To call the U.S. Embassy in Baghdad merely a diplomatic mission is to severely understate its scope and size. At 104 acres, the compound is nearly the size of Vatican City and comes complete with its own dormitories, dining halls, electrical plant, fire department and everything else needed to support the thousands of diplomats and contractors housed inside its thick walls. I have been there many times, and every time I felt like I was being magically whisked from the Middle East to small-town America.

So it was all the more shocking to read that hundreds of supporters of Kataib Hezbollah, an Iranian-backed militia, broke into the compound on Tuesday and ransacked the reception areas familiar to all visitors. To anyone of my generation (I was born in 1969), it instantly conjured up terrible memories of the Iranian hostage crisis of 1979 to 1981. The protesters even shouted the same slogan — “Death to America” — as the Iranian hostage-takers. Mercifully, Tuesday’s embassy invasion ended without any Americans being harmed after Iraqi security forces belatedly arrived to restore order, but the demonstrators remain just outside the embassy walls.

This is another reminder that in the long-running conflict between the United States of America and the Islamic Republic of Iran, we have repeatedly been humbled and hurt by a smaller but more determined and ruthless adversary. Indeed, for the past 41 years, Iran has put on a master class in irregular warfare, leaving the United States flummoxed about how to respond.

In the 1980s, Iranian-backed forces took dozens of Americans hostage in Lebanon and demolished both the U.S. Embassy and the U.S. Marine barracks in Beirut with truck bombs that killed hundreds. President Ronald Reagan was so desperate to free the hostages that he was willing to sell missiles to Iran — a backroom maneuver that blew up into the biggest scandal of the Reagan administration after the proceeds were secretly diverted to the Nicaraguan Contras.

In 1987, Reagan sent U.S. naval forces to prevent Iran from closing the Persian Gulf as part of its war against Iraq. One U.S. Navy frigate was nearly sunk by an Iraqi missile and another by an Iranian mine, but U.S. forces inflicted heavy damages on Iran’s Revolutionary Guard Navy and accidentally shot down an Iranian passenger airliner.

This was the first and last time that U.S. and Iranian forces engaged in direct battle. Iran prefers to do most of its damage via proxies. Following the U.S. invasion of Iraq in 2003, Iranian-sponsored Shiite militias killed hundreds of U.S. service members. President George W. Bush condemned Iran as part of the “Axis of Evil,” but wisely decided against escalating hostilities. The United States was mired in enough wars without starting another one against a nation of 81 million people.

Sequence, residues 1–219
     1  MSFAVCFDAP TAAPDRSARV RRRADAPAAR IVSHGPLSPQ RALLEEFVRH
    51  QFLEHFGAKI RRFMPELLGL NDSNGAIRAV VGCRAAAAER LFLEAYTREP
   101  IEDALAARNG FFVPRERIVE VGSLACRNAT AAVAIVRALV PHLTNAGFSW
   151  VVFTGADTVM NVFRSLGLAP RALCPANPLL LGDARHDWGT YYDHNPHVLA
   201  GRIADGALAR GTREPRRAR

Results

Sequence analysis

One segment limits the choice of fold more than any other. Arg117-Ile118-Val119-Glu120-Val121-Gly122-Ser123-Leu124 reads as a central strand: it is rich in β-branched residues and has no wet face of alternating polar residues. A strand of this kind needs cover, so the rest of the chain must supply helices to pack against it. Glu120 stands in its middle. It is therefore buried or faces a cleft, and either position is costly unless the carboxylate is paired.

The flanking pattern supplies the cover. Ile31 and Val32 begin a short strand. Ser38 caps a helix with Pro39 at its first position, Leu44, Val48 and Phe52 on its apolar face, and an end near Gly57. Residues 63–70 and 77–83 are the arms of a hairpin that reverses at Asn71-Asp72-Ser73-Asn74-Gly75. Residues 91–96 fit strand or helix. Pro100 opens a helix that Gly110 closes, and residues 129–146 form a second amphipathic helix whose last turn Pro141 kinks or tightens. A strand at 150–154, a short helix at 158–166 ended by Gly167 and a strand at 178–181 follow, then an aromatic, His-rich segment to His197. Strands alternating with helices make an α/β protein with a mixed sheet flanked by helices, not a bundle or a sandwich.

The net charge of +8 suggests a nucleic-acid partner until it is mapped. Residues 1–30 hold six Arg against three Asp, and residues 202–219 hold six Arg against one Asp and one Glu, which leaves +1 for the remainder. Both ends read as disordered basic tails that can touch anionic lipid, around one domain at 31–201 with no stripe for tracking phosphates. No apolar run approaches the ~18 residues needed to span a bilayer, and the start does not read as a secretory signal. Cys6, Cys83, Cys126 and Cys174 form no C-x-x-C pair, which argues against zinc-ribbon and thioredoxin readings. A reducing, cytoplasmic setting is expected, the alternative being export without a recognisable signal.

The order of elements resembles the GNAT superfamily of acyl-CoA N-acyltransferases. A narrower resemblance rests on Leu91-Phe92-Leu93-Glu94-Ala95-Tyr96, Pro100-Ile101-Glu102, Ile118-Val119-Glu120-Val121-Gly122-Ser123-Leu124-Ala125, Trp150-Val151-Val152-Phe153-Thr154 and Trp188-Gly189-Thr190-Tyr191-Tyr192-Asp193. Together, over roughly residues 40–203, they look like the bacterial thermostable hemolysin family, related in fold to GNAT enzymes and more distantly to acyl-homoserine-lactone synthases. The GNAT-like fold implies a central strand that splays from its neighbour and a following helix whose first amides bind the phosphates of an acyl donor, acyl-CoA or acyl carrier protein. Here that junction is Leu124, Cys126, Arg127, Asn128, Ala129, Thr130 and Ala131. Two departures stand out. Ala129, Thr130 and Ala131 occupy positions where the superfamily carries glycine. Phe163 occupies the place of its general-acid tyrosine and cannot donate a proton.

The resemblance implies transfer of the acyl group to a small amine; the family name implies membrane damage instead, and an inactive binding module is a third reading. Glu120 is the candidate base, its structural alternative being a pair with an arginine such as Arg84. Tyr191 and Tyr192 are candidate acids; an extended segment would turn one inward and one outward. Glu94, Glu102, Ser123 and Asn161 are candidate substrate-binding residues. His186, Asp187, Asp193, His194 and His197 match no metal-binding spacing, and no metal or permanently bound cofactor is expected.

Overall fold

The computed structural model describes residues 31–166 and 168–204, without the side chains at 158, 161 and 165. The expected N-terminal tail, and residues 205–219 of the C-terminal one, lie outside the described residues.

The Iranians took advantage of Bush’s ill-advised decision to overthrow their nemesis Saddam Hussein to extend Iranian influence across Iraq under the very noses of American occupiers. Iran was already the dominant player in Lebanon. In the past two decades, it has become the dominant player in Iraq, Syria, and Yemen, too. The new Persian Empire stretches from Tehran to Beirut.

The only effective U.S. response to the Iranian threat since Reagan’s tanker war was President Barack Obama’s decision to conclude a deal with Iran in 2015 that would freeze its nuclear program. The deal did nothing to curb Iran’s regional power play and may have even fueled it by lifting economic sanctions — which is why I and others opposed it at the time. But it did at least stop Iran’s development of nuclear weapons. President Trump blundered by exiting the nuclear deal in 2018 and imposing economic sanctions on Iran in 2019, even though it was complying with the agreement.

Pushed into a corner, Iran and its proxies have lashed out by allegedly attacking oil tankers in the Persian Gulf, shooting down a U.S. drone, hitting a major Saudi oil facility with cruise missiles — and now rocketing a compound near Kirkuk, Iraq. The latter attack, which killed an American contractor and injured four U.S. troops on Friday, led Trump to retaliate with airstrikes across Iraq and Syria that killed 25 members of Kataib Hezbollah, the Iranian-backed militia blamed for the rocket attack, and sparked anti-American outrage. The embassy invasion on Tuesday was Iran’s riposte to make clear that it will not bow to American pressure. Your move, Mr. Trump.

The United States has only two ways out of this escalating crisis: fight or negotiate. A war with Iran, as I have previously argued, could be the mother of all quagmires; it could easily spin out of control with tit-for-tat responses of the kind we have seen in recent days. Better to negotiate. That would mean trying to rebuild a tougher nuclear deal in return for the lifting of U.S. sanctions.

But Trump shows little interest in either seriously negotiating or fighting. He has waged economic warfare on Iran while doing nothing to curb its regional aggression; indeed, by withdrawing U.S. troops from part of northern Syria, he has allowed an extension of Iranian influence. So we are left with the worst of all possible worlds: Iran is once again waging a low-intensity conflict, and America once again has no effective response.

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